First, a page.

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Baby Safety Month: 4 Tips to Consider | The Allstate Blog

Baby Safety Month: 4 Not-So-Obvious Safety Tips for Kids

Safety is a top priority as a parent. You read books, ask for advice and buy all of the available baby-proofing products. But what about the hazards you may not think about? According to the Juvenile Products Manufacturers Association (JPMA), September is Baby Safety Month, and with that should come greater awareness of… Allstate https://i2.wp.com/blog.allstate.com/wp-content/uploads/2015/09/smiling_baby_playing_with_feet_thinkstock.jpg?fit=2125%2C1416&ssl=1
Baby Safety Month: 4 Not-So-Obvious Safety Tips for Kids
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Safety is a top priority as a parent. You read books, ask for advice and buy all of the available baby-proofing products. But what about the hazards you may not think about?

According to the Juvenile Products Manufacturers Association (JPMA), September is Baby Safety Month, and with that should come greater awareness of some of the less-known possible risks and dangers for babies in everyday life.

“Companies make baby-proof items for the obvious (table corners, toilets, drawers, stairs, etc.), but really babies get into anything they can reach,” says Taylor Burke of Rancho Santa Margarita, California, who has a 2-year-old daughter with another on the way. “Basically, everything in and around the home could be a baby hazard.”

To avoid some of the more unexpected dangers, use the following tips to help prepare.

1. Think Twice Before Using a Baby Walker

Although these are made for babies, HealthyChildren.org suggests taking these off of your registry. Even when parents are nearby watching a baby in a walker, they often can’t react quickly enough to prevent injury.

Since a walker has wheels, a child can propel himself or herself more than three feet in one second and reach higher than if he or she were standing on the floor, says HealthyChildren.org. This could result in dangerous situations, as babies can quickly fall down steps or may be able to reach hot or poisonous items on a table or counter.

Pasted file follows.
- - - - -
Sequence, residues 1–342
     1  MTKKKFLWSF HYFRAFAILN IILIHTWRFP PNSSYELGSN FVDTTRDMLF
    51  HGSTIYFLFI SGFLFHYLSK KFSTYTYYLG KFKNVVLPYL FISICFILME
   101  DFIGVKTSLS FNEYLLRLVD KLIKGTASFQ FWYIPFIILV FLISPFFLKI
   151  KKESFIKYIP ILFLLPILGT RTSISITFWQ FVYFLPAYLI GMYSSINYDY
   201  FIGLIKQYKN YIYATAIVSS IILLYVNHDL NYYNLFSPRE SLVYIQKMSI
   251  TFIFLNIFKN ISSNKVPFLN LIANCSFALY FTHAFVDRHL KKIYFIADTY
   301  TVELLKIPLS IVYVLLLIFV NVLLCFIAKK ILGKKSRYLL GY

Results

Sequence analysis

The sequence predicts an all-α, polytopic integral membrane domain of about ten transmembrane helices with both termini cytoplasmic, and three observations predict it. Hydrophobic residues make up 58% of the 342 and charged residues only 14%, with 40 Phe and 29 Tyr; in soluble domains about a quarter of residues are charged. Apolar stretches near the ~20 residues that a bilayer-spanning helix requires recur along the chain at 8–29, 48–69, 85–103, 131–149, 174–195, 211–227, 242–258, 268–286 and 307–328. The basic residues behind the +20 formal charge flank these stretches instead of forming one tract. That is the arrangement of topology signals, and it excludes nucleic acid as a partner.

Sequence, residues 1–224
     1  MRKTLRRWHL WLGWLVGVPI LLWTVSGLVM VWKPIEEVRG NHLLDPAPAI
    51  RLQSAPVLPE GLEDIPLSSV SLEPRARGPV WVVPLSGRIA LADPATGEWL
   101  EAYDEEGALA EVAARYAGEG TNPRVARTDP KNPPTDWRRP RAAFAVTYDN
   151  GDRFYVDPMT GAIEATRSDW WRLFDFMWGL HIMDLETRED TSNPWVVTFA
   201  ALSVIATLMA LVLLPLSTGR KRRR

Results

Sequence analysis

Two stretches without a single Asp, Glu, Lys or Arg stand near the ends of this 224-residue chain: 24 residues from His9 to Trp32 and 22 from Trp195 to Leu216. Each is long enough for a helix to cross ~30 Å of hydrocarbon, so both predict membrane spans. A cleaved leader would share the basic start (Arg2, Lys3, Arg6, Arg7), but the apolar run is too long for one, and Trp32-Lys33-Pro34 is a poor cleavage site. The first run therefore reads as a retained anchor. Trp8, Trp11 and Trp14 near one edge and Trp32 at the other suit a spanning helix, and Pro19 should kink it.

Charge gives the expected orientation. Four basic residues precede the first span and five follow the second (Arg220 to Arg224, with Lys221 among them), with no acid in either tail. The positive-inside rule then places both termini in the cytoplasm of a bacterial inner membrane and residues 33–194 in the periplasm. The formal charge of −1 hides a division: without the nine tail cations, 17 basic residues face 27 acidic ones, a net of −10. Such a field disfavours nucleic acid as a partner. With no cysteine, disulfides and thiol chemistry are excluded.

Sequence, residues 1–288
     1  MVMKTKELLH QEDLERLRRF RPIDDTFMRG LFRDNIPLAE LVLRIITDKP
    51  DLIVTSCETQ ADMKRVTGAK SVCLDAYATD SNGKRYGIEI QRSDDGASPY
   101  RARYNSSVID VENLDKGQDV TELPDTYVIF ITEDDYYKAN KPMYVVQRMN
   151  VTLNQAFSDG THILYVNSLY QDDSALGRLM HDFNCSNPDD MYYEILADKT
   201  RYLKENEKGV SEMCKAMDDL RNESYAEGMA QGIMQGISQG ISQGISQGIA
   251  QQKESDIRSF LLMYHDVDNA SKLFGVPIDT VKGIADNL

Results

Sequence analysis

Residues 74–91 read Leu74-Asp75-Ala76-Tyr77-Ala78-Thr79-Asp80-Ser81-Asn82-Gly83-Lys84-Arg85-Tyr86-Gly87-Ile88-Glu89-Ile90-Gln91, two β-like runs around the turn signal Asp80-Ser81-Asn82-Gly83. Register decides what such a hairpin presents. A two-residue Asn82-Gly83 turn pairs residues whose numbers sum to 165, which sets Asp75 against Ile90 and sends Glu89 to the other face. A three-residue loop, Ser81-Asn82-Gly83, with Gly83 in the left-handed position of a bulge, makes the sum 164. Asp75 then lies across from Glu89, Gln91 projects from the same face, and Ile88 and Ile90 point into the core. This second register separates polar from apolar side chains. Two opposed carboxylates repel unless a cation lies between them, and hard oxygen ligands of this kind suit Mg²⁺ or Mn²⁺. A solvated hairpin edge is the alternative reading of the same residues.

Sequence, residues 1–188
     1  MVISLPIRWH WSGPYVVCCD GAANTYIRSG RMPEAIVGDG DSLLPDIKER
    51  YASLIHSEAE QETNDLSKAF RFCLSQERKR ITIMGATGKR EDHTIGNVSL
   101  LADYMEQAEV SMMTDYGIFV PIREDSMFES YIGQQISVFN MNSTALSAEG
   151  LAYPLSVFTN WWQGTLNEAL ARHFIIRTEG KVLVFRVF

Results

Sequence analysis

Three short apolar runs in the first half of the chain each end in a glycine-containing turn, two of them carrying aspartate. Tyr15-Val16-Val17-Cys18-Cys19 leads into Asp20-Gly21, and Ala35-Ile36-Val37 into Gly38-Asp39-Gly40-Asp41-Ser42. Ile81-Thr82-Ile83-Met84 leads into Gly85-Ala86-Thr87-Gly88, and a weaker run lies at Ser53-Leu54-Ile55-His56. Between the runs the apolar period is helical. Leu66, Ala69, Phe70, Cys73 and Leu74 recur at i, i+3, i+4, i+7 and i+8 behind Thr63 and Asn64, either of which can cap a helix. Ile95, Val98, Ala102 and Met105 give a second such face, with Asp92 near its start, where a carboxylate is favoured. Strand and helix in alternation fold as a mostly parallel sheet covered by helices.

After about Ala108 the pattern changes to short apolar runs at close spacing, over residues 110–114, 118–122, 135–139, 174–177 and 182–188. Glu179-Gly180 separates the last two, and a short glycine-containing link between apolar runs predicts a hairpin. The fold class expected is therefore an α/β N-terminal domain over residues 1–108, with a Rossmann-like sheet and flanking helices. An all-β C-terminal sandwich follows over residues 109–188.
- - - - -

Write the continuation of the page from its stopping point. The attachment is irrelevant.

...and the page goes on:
2. Watch Out for Hot Vehicles

Aside from securing your baby into a car seat, there are a few other less-obvious precautions you should take with your child around the car. Any time your vehicle is sitting in the sun for any period of time, be aware of burn potential.

“My daughter rested her hand on my car bumper one day for only a few seconds and got second-degree burns on her hand,” says Burke. According to the Burn Institute, some of the most common and serious vehicular burns come from bare skin touching the exterior surfaces of the car after it has been sitting in the hot sun. Because of the burn risk, make sure your children don’t touch hot cars.

Metal parts inside the car, such as the buckles on a car seat, can also pose a burn risk on a hot day. To prevent this risk, KidsHealth.org recommends covering a car seat with a towel or a blanket to keep it out of direct sunlight when your car is parked.

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3. Be Careful With What a Baby Eats

Most people know of choking hazards when feeding a baby hard foods, but what about the other harmful food items that babies should stay away from? Debra Holtzman, a national child safety expert, says to keep the following out of a baby’s mouth:

  • Honey: Honey should never be given to a baby under the age 1, says the Mayo Clinic. While it is healthy for most adults, Holtzman explains it may contain bacterial spores that can cause infant botulism.
  • Salt: Parents.com adds that too much salt in a baby’s diet can also be damaging to his or her kidneys.

4. Remove Potential Airway Blockers in the Bedroom

To help keep your baby safe in the bedroom, says Holtzman, keep window covering cordless to prevent a strangulation hazard. If it’s not possible to go totally cordless, HealthyChildren.org suggests tying up drapery and blind cords near the top of the window without creating any loops. BabySafetyZone.org adds that cribs should be kept away from windows, as the crib allows the baby to reach higher at the tied-up cords.

Additionally, Holtzman notes that all corded items should be kept at least three feet from any part of the crib, bassinet, play yard or other safe sleep environment. “Corded baby monitors, and other items with cords, strings or ribbons are strangulation hazards,” she says.

Remembering these four specific baby safety tips is helpful, but Holtzman says, in general, new parents should always look for hazards from a baby’s perspective. Even with the right precautions, proper supervision is your best defense against injury.